Ryan Kalamaya (4m 35s):
Yeah, and the other point, we'll come back to the interactions with the lawyer. I think people should ask for friends and family for referrals. I mean, most of our work, Amy, it doesn't come from this podcast, it doesn't come from the internet, it comes from former clients and other attorneys. And if you have worked with an estate planning attorney, if you have worked on a business generating the corporate documents or a big real estate deal, go to your attorney and ask them for recommendations. Because we have trusted professionals that do estate planning And, we know we don't do that And, so we end up handing off those matters to people that we trust.
Ryan Kalamaya (5m 22s):
But I think that asking friends and family for referrals is really important. Anything you'd like to add on that point? Amy?
Amy Goscha (5m 30s):
Yeah, I think just, you know, when you're asking for referrals, you know, like if you're asking for from a professional, but also if you're gonna be asking from like friends or family, make sure it's someone that you know like you wanna emulate the same way that they are, you know, through their Divorce. So you're not gonna ask a family member who, you don't wanna be super litigious, you know, a family member that's known for being super litigious. So just making sure that you're aligning, you know, yourself with the approach and who you're hitting a referral from and that you trust them and also, you know, mainly trust them
Ryan Kalamaya (6m 4s):
To that point. Amy, the third kind of tip that we have is to check online reviews. And so maybe looking at those reviews to see the content about, I was involved in a knockdown, drag out Divorce that review by a former client might not be helpful if you are looking at a collaborative approach. And so I think looking at what people are saying about their attorneys, but I think those online reviews do shed some light, important light in today's kind of Amazon slash Google way of doing business that those online reviews I think do mean something.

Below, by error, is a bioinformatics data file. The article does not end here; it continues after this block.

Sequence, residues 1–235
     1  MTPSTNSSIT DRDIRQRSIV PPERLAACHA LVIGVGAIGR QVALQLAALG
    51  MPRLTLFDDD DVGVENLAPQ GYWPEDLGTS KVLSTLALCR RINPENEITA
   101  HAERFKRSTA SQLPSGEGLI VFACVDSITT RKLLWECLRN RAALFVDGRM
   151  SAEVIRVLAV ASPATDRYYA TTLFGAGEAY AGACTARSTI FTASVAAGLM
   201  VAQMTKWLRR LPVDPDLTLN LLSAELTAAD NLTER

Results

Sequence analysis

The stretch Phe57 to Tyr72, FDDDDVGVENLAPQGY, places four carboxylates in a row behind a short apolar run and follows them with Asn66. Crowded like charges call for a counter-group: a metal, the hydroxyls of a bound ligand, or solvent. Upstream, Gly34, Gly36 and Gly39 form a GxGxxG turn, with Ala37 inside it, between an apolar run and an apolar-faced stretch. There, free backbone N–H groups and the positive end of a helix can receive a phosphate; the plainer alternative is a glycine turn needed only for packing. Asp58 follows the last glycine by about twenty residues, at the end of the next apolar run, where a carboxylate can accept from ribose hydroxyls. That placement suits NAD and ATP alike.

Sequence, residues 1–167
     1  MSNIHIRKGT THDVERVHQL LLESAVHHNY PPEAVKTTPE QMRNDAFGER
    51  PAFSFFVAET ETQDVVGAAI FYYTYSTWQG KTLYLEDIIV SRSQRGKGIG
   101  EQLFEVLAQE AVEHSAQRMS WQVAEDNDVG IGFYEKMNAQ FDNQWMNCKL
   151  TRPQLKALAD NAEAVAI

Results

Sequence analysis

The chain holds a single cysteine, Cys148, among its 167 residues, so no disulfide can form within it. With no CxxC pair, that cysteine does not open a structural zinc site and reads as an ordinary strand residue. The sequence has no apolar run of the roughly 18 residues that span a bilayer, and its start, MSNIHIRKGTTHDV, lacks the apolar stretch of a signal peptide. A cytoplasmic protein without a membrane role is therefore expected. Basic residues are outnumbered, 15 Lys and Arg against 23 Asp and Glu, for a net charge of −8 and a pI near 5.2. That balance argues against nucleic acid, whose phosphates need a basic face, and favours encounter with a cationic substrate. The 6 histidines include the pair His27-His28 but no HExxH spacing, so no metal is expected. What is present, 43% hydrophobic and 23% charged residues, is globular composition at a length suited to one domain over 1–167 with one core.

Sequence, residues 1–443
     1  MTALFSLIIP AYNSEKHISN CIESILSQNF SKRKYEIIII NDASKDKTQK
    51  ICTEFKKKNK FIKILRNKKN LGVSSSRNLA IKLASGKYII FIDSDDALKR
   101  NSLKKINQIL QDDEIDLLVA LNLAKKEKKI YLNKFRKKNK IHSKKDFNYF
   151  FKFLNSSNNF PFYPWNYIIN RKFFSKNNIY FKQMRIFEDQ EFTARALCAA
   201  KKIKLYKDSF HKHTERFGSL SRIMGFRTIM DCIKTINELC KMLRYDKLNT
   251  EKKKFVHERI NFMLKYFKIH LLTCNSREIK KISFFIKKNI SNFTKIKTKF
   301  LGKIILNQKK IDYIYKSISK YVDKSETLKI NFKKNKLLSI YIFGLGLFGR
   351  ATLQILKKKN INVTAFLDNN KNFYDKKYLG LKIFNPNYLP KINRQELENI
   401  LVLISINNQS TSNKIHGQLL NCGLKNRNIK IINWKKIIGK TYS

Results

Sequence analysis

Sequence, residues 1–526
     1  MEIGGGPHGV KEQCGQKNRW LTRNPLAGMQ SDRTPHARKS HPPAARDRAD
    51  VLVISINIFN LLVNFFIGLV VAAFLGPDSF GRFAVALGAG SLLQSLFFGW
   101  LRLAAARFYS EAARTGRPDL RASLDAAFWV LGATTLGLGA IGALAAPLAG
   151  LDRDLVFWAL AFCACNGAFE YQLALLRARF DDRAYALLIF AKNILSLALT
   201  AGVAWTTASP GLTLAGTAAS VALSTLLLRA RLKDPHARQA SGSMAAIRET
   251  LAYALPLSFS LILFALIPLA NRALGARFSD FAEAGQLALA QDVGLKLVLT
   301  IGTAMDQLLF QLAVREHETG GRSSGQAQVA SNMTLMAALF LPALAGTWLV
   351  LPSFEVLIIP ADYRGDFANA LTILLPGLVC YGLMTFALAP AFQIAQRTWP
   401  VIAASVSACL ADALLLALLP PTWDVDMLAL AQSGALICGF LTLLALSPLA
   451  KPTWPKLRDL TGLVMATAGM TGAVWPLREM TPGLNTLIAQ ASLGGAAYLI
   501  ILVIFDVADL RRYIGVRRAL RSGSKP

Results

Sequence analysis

Amy Goscha (6m 46s):
Yeah, And, I. Think also just looking at the date of those online reviews, And, we talk a lot about that, you know, like if you wanna understand what someone's work is like now hopefully they have some more recent reviews, not reviews from, you know, seven years ago.
Ryan Kalamaya (7m 1s):
Don don't think that that the online reviews to determine the best Divorce lawyer is the end all Beall. Because I mean privacy, I mean I have a bunch of online reviews, but there are a lot of people that I have helped. They, their privacy is of Utmo paramount, you know, is of the utmost importance and they don't want other people to know that they got a Divorce or they don't want to have that and So that. you know, I don't think that looking at online reviews, it could freak out people because they could be like, I don't want to go through a Divorce and just have, you know, my whole Divorce online. And that might be, you know, an expectation.
Ryan Kalamaya (7m 41s):